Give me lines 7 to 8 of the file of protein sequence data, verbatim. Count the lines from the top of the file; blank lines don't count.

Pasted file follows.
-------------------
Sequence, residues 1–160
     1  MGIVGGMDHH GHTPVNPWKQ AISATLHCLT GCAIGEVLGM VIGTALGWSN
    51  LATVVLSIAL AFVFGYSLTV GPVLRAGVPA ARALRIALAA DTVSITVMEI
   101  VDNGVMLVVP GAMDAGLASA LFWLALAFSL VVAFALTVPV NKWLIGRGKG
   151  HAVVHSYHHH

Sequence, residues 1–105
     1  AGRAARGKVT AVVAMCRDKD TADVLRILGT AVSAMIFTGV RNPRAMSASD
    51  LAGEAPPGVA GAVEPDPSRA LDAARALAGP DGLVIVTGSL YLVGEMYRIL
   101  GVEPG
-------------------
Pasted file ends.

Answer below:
     1  AGRAARGKVT AVVAMCRDKD TADVLRILGT AVSAMIFTGV RNPRAMSASD
    51  LAGEAPPGVA GAVEPDPSRA LDAARALAGP DGLVIVTGSL YLVGEMYRIL